During a recent trip to Bozeman, MT (I know, but it was for the kids so we had to) I stumbled upon the American Computer & Robotics Museum. At first I thought, “Well maybe they have a display on how to count in binary or an old IBM-XT that we can show the kids.” Well, I was not truly prepared for what I saw.
You have to understand, this is in a small industrial/office complex near Montana State University. Granted, MSU which houses the Museum of the Rockies and holds one of the most magnificent large fossil collections in the world (translation = DINOSAURS!), but I really wasn’t prepared for what I saw. So what did I see?
The opening is simple and non-descript, almost like walking into a dentist’s office and then you turn the corner. In front of me were Akkadian tablets, a casting of the Antikythera Mechanism with recreation, and an example of the first digital relay (made by the man himself). Behind me were a plethora of machines from a Guttenberg press to a PDP-8.
The Museum also had some extremely interesting Apollo units as well such as this Univac which is the last surviving Apollo Mainframe.
Also, this Apollo on-board computer. It’s amazing that they landed on the moon with this equipment.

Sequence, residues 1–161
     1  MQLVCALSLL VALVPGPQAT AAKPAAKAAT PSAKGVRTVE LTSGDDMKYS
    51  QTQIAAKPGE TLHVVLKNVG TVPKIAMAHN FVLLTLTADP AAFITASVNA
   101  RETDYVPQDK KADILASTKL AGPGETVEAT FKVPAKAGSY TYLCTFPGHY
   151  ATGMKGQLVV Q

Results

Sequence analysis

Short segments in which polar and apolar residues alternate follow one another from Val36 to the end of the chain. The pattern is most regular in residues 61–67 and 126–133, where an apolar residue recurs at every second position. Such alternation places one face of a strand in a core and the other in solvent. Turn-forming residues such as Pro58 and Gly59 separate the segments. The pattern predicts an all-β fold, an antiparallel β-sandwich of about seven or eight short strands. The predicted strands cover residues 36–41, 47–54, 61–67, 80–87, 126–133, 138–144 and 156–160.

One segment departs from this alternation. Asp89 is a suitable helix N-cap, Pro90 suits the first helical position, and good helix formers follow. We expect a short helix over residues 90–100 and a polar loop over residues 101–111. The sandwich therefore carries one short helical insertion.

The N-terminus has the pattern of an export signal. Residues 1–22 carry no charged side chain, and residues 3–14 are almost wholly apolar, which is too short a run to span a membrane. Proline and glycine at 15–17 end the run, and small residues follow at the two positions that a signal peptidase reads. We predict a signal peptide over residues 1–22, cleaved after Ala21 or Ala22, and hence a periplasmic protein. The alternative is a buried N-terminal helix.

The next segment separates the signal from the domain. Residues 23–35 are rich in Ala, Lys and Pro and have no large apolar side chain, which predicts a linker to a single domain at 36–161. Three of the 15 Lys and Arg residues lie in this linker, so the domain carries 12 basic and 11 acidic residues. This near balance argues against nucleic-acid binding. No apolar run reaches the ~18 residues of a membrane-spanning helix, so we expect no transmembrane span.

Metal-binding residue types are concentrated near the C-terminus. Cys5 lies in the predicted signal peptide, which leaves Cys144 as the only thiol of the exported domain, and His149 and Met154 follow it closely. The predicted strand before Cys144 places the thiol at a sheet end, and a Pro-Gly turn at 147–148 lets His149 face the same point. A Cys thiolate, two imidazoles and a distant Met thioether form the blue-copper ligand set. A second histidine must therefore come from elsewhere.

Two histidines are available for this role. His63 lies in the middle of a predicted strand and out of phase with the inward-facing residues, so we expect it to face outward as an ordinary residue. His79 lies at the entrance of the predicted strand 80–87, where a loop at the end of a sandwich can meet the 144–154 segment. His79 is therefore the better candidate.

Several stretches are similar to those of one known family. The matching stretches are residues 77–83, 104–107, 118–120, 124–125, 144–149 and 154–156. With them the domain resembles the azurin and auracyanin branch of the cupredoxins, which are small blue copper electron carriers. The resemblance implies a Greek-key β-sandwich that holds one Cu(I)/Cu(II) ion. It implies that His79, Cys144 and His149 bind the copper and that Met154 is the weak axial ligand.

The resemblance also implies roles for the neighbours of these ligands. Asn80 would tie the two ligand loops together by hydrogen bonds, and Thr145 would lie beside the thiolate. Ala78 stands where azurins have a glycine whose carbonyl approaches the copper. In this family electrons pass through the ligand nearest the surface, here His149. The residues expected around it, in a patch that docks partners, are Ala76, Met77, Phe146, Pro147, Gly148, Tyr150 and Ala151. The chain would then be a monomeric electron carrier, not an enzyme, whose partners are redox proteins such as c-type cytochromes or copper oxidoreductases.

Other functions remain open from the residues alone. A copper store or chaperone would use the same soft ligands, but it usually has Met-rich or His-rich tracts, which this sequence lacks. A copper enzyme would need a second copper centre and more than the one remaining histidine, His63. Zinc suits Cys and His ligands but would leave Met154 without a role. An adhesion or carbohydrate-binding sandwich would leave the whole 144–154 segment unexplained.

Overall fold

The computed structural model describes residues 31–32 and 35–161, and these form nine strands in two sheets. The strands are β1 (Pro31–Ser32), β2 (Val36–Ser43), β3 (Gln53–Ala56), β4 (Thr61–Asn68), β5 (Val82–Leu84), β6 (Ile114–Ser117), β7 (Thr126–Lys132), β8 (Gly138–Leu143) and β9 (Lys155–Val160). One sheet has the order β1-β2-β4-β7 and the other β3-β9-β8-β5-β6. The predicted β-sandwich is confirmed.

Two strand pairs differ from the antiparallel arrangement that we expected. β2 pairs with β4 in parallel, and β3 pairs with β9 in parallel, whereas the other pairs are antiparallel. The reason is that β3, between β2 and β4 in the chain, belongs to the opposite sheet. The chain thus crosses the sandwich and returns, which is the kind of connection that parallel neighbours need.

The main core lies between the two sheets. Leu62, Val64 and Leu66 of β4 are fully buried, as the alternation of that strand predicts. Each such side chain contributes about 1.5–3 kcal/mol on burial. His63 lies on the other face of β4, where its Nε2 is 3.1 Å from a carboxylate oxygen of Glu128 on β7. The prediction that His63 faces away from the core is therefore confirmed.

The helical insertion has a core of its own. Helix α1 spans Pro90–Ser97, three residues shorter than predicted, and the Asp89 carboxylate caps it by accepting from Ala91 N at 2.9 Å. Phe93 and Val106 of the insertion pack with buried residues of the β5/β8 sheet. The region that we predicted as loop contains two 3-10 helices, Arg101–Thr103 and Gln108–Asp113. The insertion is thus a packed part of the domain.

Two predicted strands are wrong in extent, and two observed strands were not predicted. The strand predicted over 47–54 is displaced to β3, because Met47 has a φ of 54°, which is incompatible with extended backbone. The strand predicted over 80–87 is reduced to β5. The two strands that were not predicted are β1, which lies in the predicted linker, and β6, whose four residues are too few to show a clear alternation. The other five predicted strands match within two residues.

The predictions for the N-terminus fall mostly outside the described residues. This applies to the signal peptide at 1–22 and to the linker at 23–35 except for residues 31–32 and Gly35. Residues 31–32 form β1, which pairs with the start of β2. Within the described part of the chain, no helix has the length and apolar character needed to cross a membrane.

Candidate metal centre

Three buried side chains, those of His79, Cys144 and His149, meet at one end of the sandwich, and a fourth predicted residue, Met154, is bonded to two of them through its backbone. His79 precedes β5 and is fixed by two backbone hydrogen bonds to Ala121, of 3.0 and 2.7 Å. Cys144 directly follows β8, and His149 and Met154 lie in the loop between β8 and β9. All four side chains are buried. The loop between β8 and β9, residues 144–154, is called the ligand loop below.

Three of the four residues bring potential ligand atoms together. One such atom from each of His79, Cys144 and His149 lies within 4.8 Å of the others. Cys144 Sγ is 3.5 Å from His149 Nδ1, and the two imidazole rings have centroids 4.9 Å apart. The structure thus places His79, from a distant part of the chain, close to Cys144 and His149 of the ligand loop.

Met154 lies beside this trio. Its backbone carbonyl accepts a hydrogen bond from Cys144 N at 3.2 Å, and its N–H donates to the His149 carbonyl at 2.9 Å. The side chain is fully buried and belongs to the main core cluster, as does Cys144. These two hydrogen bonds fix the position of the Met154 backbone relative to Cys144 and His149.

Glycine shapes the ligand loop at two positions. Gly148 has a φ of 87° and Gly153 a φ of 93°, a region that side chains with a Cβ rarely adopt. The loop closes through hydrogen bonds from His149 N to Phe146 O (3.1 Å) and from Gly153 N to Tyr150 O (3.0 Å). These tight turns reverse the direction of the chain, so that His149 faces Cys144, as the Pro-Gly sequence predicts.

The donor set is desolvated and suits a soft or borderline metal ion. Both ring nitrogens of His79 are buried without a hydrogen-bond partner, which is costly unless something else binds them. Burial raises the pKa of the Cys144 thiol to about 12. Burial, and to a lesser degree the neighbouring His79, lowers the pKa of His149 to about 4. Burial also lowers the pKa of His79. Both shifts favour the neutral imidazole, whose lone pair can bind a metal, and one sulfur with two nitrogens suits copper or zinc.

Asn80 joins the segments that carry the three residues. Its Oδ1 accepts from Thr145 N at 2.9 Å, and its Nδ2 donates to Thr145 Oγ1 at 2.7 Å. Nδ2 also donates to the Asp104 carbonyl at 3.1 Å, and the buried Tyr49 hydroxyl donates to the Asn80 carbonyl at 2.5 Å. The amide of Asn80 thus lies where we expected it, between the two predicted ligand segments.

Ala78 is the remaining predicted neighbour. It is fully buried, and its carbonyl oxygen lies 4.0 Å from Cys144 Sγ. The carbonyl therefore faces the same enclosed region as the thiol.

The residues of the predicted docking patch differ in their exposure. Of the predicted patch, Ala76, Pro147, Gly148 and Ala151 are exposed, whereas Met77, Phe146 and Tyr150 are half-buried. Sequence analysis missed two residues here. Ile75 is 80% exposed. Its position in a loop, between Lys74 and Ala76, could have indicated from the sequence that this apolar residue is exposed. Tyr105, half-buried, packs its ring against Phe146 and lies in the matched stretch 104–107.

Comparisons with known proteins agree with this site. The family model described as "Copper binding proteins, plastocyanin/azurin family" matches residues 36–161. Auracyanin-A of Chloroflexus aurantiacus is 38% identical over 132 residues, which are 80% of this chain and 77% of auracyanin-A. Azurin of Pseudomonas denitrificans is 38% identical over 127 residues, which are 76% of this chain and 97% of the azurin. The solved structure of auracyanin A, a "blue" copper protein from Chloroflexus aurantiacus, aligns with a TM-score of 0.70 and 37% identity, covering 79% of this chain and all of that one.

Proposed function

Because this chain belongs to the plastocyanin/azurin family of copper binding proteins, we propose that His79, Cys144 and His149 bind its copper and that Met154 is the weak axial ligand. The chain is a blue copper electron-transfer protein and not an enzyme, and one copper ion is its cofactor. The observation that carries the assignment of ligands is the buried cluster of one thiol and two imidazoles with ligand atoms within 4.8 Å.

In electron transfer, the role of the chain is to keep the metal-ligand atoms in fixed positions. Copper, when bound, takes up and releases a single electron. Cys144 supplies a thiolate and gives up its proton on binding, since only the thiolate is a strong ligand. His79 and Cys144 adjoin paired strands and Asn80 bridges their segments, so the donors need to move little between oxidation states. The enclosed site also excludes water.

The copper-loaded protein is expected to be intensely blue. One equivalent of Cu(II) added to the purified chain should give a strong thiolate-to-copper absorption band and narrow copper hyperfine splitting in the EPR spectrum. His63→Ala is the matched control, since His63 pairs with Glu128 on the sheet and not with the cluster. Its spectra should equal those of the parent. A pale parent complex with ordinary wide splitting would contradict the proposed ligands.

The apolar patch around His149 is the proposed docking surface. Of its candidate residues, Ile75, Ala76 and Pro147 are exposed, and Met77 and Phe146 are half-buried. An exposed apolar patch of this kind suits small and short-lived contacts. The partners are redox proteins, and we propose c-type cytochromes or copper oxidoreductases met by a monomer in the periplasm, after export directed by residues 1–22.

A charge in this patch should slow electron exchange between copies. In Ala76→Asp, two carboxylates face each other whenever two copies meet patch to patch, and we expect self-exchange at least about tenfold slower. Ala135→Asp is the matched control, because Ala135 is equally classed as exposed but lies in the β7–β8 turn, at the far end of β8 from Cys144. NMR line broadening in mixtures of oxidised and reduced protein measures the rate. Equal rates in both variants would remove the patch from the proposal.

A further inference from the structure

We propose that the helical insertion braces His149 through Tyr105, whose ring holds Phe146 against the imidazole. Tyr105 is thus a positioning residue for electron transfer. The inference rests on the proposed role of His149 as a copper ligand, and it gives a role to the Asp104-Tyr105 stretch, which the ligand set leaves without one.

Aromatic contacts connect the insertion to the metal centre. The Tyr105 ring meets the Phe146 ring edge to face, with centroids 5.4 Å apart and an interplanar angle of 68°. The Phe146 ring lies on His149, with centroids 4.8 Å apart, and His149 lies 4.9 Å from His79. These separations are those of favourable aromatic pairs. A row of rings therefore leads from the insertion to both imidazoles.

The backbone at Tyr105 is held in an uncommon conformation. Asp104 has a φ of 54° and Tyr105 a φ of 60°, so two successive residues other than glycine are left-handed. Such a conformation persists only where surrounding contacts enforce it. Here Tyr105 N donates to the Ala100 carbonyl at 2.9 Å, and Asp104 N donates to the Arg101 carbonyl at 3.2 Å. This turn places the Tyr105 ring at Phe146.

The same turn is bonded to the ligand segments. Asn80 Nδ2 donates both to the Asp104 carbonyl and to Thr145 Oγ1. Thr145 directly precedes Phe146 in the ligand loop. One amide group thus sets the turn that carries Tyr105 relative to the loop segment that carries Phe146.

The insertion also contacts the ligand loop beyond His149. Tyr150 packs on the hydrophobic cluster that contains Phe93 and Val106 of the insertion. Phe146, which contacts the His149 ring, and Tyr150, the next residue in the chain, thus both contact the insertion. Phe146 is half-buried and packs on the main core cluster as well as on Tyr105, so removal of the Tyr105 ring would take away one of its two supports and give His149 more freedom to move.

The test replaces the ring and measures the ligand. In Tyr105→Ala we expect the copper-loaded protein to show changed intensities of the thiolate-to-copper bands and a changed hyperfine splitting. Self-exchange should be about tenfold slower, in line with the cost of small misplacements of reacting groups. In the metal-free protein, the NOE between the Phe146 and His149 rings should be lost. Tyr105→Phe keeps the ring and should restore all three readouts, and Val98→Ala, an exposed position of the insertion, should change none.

The current traveling display is of Women in Computing and makes for wonderful reading and learning.
What about the ROBOTS? There were a few robots there but not many as it looks as that is an area that is something they are working on. This is obviously an active and living museum as all of the exhibits are well maintained and kept up to date. There was an excellent section on quantum computers (of course I guess you could say there is and isn’t and you would be correct there too 🙂 )and too many other bits and pieces in the museum to even mention.
I can’t express enough how great of a museum it is and it doesn’t take long to go through (and admission is based on donations so give generously). IT IS worth going to Bozeman MT if you only stop in and see these two museums. You will not be disappointed.
You can find the American Computer and Robotics Museum here: http://www.compustory.com/
And yes, I assume you will still want to see dinosaurs a half mile down the street, but here’s a taste.